The Register-Herald, Beckley, West Virginia

Columns

January 3, 2014

Cornbread is just a taste of grandparents' influence

Few things in the world are as wonderful as a pan (sometimes referred to as ‘pone’) of cornbread and a night spent with grandparents. I loved the nights when a bedtime snack was cornbread and milk: crisp cornbread dropped into my glass of cold milk and eaten with a spoon.

A good cornbread should be light, crumbly and just a tad sweet. My grandmother and great-grandmother knew how to bake cornbread — in an iron skillet.

Grandmother Rosa would pull a hot skillet out of her kitchen stove and call out, “Cornbread’s ready! You’d better get it while the getting’s good!” That is to say, if we didn’t hurry, we might not get any.

When Ma (as we called her) served her cornbread up hot, I loved to put a lump of butter on it and watch it soak into the corny goodness. You wanted to eat it right at that particular moment before it cooled off.

My granddad Albert liked to have his cornbread and “sweet milk” before he went off to bed. He could crumble the bread into a glass of milk and drink it. Then he’d scrape the bread crumbs from the bottom of the glass with a spoon.

That’s how my uncle Bill, a World War II veteran, taught me how to eat it.

 

Years later, when my nephews Adam and Ryan Wood spent the night at our house, we usually had a glass of milk and cornbread before we hit the hay. I didn’t have to coax them into eating milk and bread — their granddad, the late Wilson “Papaw” Wood, taught them how to do that when they stayed at his house.

Papaw was renowned for his cornbread. He ate it with his vittles of beef stew, vegetable soup, homemade chili and chicken and dumplings. If you stopped by his and Aunt Ursula’s house in Daniels in the afternoon, you always left with a full stomach.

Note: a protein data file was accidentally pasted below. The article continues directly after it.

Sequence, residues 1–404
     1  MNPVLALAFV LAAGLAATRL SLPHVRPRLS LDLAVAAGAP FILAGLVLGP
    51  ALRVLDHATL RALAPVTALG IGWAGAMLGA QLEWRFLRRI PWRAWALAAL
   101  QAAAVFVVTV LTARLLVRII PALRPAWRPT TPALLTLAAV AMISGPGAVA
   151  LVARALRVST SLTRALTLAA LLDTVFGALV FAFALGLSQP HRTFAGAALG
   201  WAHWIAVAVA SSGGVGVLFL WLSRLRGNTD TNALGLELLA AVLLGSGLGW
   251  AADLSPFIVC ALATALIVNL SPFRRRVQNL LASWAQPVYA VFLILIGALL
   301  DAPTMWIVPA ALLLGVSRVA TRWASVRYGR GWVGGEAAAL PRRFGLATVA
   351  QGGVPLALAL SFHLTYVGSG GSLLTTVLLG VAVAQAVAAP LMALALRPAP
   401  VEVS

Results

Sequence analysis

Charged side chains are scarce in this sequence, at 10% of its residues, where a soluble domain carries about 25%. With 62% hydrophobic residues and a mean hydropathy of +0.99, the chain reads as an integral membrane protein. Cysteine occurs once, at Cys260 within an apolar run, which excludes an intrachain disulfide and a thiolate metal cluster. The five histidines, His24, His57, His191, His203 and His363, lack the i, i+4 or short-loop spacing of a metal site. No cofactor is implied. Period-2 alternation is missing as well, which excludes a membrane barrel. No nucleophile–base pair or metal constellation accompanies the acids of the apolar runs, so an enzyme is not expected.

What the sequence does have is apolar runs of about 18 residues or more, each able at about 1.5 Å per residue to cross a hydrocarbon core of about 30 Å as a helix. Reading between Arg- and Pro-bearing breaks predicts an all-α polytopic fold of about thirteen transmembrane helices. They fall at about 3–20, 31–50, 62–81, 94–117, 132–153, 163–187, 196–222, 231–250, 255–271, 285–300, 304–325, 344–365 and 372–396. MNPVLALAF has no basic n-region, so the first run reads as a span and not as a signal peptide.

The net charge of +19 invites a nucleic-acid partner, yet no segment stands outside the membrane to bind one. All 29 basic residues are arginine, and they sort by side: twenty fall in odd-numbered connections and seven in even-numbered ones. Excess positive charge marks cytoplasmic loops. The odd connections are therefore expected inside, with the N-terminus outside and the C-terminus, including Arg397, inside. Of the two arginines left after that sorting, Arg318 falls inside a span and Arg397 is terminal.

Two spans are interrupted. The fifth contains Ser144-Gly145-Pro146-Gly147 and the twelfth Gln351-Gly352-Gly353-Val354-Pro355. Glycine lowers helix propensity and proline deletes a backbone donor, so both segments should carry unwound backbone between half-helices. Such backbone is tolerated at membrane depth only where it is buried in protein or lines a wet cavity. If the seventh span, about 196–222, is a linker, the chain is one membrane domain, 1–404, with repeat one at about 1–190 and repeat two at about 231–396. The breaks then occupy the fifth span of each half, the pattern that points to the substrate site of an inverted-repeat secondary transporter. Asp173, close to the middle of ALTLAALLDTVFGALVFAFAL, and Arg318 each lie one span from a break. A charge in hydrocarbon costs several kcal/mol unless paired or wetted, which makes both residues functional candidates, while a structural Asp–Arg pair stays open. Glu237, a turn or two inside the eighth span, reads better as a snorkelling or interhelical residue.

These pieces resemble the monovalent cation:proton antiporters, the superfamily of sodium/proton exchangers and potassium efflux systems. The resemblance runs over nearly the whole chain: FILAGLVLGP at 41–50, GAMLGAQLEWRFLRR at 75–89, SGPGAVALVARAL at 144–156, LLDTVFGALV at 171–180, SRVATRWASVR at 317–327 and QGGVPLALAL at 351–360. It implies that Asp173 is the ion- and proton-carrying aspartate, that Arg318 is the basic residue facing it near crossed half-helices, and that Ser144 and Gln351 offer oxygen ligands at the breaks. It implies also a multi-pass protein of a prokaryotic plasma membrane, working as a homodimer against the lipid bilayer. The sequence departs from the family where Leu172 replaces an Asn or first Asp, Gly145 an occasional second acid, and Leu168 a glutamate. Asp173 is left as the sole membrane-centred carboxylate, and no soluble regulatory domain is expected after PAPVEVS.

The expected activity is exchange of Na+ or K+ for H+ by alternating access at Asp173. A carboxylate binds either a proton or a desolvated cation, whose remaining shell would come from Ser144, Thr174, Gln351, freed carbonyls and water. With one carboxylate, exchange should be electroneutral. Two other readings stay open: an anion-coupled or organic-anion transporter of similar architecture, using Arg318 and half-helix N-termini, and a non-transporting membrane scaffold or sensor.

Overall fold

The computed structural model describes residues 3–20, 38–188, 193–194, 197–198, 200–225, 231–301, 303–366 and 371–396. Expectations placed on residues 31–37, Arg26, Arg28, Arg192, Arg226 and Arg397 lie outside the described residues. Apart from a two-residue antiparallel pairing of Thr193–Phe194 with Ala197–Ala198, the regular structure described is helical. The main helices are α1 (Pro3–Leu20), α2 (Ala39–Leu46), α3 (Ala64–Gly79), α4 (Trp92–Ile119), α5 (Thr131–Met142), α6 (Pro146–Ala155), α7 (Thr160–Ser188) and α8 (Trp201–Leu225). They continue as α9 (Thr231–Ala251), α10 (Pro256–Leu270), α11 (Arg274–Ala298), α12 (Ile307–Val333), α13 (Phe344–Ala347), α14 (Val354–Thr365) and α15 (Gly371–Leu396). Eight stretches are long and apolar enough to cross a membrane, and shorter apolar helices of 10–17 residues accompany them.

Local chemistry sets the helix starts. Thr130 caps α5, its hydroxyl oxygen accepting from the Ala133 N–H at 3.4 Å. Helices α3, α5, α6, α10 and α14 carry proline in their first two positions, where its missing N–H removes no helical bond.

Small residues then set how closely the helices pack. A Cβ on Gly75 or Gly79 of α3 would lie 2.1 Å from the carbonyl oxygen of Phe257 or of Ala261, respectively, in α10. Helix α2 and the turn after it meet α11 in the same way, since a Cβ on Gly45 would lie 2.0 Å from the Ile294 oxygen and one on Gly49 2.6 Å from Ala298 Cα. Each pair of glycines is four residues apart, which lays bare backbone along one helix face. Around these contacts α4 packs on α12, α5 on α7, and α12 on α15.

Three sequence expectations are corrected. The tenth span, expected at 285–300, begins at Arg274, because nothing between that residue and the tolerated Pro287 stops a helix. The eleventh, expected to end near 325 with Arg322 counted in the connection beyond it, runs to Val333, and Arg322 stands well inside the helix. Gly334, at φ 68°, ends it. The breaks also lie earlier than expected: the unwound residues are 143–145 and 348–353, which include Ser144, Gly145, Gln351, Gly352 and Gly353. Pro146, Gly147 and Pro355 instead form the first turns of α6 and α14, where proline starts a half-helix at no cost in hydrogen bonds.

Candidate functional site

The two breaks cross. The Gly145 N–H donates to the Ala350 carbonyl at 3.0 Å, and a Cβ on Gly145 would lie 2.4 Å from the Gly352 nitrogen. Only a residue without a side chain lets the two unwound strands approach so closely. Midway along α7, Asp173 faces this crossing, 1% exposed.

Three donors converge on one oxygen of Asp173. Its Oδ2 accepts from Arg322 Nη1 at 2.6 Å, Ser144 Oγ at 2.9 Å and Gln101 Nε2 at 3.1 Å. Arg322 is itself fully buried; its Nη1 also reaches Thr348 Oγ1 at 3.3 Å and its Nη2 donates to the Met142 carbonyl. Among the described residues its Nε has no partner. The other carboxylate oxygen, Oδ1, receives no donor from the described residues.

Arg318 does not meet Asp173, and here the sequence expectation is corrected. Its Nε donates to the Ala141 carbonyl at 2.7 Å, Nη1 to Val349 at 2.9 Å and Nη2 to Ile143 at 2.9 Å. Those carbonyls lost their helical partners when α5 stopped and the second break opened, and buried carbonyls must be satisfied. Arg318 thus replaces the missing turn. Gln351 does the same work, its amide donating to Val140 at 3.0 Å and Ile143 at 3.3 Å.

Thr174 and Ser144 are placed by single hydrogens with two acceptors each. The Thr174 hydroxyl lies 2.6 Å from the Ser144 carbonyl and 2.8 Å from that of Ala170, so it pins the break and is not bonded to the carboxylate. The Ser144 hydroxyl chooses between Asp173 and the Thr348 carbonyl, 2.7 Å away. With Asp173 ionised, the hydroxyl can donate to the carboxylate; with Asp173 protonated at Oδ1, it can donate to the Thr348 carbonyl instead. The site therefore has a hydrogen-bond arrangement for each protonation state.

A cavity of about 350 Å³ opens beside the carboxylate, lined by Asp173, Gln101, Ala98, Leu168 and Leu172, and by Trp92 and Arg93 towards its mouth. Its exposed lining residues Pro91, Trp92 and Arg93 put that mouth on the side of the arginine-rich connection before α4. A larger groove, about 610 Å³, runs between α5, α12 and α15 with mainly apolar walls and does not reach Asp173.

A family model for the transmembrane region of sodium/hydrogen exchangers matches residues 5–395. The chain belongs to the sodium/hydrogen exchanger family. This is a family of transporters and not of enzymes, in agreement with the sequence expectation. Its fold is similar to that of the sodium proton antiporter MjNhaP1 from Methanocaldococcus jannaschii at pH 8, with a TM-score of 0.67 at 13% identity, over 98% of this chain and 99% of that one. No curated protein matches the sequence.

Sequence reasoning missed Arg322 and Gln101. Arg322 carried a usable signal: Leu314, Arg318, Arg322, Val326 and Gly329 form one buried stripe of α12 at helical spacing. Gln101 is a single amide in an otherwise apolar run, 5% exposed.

Papaw liked to cook, and he grew practically everything he needed for his supper table in his own garden in back of his house.

And when you sat down at his table for a bowl of pinto beans, white beans, bird-eye beans or green beans, you naturally reached into the bread pan for a slice of hot cornbread to go with it. A few green onions from his garden topped off a country-style cuisine that had no equal in the community.

 

A colleague and fellow educator in Raleigh County told me that he liked his milk and bread with a few onions diced up in the bottom of the glass. I had not heard of that before, so I asked my cousin Russell Rice, with whom I grew up, and he told me that our grandfather on my mother’s side of the family, the late Sidney Stanton Rice, a native of Bon Air, Tenn., used to do the same thing.

So I guess it must be a Southern tradition to add a few onions to milk and cornbread. I am going to try that myself one day. I think I’d prefer small green onions fresh from the garden, though.

I guess the point I’m trying to make is this: I wonder if grandparents ever realize the powerful influence they have on the lives of their grandchildren — even if it’s something as simple as eating milk and bread before bedtime.

Perhaps the greatest moral force in the life of most kids is a grandparent. Even if kids today don’t trust their parents, they more than likely trust their grandparents.

I’ve always considered myself lucky that I grew up with grandparents who were active, energetic and several decades away from life-threatening weakness.

Grandparents certainly are important in giving children a sense of stability and safety. And though I had my grandparents around for more years than many of my friends had their forebears, it still wasn’t long enough.

Sometimes I drift off and catch a few winks in the afternoon the way I did when I was a boy growing up. When I wake up, I can still hear Ma’s musical Lockhart voice as her memory comes flooding back to me: “You’d better get it while the getting’s good!”

And I realize that she wasn’t only talking about the cornbread.

 

Top o’ the morning!

— Blankenship is a columnist for The Register-Herald. E-mail: jabbb@suddenlink.net

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